I did get out of the house early yesterday after loading up a bunch of negative holders. I had a destination, just something to get me started--a Buddhist temple. I wanted to photograph the Buddha statue in the garden. Predictably, though, when I got there, they were having a ceremony. Of course.
I drove on, through Gotham without pausing, then to the other side. They call it SoDO. It got its name after the mass shooting at the nightclub, I think. It has been a part of town that is dominated by medical buildings and a hospital, the one I was taken to after my accident. It is reportedly "the best trauma hospital" in the country. Again, I think this came to the forefront after they had to treat so many people who were shot that horrible night.
I went beyond that, though, into a large industrial wasteland. Not an abandoned one, however. There are miles and miles of warehouses, factories, processing plants. . . I don't know what all. I drove along the railroad tracks. Everything was still on a Sunday morning, not abandoned but resting. It felt fairly eerie. I stopped whenever I saw something of interest. I'd grab my big Liberator camera and pop in a film holder, walk over and take a photo. I did this again and again feeling as if I were being watched from some corner. I kept waiting for someone to step out and ask me what I was doing, perhaps a security guard or maybe someone willing to beat me up and take my camera.
I shot through eight holders, sixteen negatives, which is more than I've ever done in one outing. Now that I am using the Liberator and the new Chamonix exclusively, it has gotten much easier. I've been using the Liberator mostly, though, as I don't need to use a tripod. I realize now why I have never really used the camera in all the many years I've owned it. Familiarity brings ease. I think the camera is simple to use now that I have over and over again. Muscle memory and a more acute awareness.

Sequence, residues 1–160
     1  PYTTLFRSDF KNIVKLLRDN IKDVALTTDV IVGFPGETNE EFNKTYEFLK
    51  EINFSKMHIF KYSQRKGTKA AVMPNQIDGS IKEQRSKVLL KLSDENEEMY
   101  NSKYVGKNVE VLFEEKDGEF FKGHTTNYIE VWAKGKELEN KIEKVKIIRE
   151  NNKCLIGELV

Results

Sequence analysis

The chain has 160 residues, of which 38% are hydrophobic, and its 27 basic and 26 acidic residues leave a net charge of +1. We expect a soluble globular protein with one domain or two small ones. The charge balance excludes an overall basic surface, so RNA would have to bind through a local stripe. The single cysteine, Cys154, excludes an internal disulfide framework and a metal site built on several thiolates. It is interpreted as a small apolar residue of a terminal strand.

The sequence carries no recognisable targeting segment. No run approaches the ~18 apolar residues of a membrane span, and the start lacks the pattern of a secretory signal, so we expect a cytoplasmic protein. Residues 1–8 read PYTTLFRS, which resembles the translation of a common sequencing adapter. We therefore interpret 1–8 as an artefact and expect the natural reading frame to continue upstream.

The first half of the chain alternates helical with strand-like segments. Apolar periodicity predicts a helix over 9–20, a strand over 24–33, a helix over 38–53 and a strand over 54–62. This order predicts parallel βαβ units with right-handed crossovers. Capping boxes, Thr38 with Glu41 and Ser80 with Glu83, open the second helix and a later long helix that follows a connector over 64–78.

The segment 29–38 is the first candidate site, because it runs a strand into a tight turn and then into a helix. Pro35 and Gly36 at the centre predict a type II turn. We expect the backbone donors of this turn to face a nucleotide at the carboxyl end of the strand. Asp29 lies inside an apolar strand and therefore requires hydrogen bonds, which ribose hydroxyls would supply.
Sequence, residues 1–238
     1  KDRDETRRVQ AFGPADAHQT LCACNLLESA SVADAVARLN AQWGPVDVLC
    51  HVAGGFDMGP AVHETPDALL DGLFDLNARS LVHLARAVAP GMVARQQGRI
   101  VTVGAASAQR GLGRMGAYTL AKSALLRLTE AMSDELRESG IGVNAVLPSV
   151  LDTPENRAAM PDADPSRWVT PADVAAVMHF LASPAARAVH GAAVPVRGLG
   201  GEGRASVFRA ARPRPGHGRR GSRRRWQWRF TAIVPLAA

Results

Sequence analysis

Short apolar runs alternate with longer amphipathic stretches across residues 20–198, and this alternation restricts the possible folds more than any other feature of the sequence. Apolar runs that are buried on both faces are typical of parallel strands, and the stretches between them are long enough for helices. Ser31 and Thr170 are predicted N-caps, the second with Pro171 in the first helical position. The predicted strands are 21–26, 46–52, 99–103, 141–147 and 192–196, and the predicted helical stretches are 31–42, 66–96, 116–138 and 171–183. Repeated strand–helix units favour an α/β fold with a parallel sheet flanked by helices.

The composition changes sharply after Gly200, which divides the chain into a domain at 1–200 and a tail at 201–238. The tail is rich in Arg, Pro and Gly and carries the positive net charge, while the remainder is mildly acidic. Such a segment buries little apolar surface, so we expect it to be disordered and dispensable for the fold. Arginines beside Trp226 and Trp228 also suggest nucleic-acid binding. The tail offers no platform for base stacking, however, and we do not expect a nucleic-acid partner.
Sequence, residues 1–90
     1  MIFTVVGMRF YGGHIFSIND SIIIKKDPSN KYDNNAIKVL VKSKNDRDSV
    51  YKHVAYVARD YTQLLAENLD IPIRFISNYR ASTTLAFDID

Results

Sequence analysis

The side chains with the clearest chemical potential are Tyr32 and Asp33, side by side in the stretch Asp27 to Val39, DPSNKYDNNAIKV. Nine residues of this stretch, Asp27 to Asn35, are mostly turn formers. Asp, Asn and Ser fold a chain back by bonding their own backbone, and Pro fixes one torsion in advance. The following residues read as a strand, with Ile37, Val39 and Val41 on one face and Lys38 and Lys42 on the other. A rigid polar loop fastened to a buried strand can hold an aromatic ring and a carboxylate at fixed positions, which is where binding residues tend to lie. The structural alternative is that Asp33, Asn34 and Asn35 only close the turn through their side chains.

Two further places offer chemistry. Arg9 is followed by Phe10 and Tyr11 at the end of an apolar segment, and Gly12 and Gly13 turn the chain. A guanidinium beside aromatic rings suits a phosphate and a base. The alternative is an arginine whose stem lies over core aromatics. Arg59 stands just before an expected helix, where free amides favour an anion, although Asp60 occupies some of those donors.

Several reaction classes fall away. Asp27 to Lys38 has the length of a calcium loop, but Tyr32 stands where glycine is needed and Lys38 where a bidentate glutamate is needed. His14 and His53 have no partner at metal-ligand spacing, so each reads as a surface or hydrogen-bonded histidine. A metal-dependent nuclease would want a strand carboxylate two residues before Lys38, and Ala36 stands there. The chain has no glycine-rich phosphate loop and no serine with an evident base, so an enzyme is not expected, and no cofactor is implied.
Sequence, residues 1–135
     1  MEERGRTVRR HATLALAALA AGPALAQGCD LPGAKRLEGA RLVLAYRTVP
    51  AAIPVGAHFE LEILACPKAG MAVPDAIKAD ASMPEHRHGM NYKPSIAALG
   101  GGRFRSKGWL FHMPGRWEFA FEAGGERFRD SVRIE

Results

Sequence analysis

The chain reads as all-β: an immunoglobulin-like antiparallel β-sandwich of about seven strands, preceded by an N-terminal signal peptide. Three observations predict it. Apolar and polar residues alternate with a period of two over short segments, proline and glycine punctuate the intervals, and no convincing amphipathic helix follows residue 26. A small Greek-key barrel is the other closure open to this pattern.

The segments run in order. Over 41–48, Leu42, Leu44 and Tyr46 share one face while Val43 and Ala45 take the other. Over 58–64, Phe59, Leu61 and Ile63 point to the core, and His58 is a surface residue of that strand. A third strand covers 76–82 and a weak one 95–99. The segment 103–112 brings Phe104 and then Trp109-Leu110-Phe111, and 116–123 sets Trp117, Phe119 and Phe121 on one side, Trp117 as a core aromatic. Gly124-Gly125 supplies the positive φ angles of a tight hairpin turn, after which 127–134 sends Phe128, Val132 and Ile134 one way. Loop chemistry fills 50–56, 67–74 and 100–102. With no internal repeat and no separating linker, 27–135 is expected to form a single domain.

When I ran out of film, I tried shooting with my 35mm camera. It seemed silly and unfulfilling. I've become addicted to those big negatives.
For now, at least. Everything evolves.
Q wrote to me yesterday saying that his ex will join him and his son at Burning Man. A family outing, so to speak. I wrote back jokingly saying that then I would surely go. Then I actually started thinking about it. I could take my Liberator and my Chamonix and boxes of film and a changing tent and spend days in that bizarre wonderland making photos. Hell, I thought, why wouldn't you? So I looked up Burning Man and found out that one must buy a ticket, and then I found out that one ticket would cost well over $2,000.00. WTF? This ain't Woodstock. Moreover, 99% of the tickets are already bought. Soon the only way to get a ticket will be from scalpers. I see now that Burning Man is much like Bike Week. It is all lawyers and accountants with enough money to go. In this case, rather, tech money.
Dropping six grand is nothing for Q, though. He'll be gone from his job for most of the next two months, so they will probably give him a promotion, a bonus, and a raise.
Maybe I'll ask Daddy Warbucks for a loan.
I've only scanned a couple of the negatives so far and still have more to develop. I am going to get to the gym a bit early today so I can head off in the opposite direction with the rig and hopefully find something that will intrigue me. You can't be much of a photographer if you don't take pictures, I think. I am getting pretty consistent with those big cameras now. Maybe I'll have the confidence to start making environmental portraits soon.
Maybe. I I've in a world of maybes.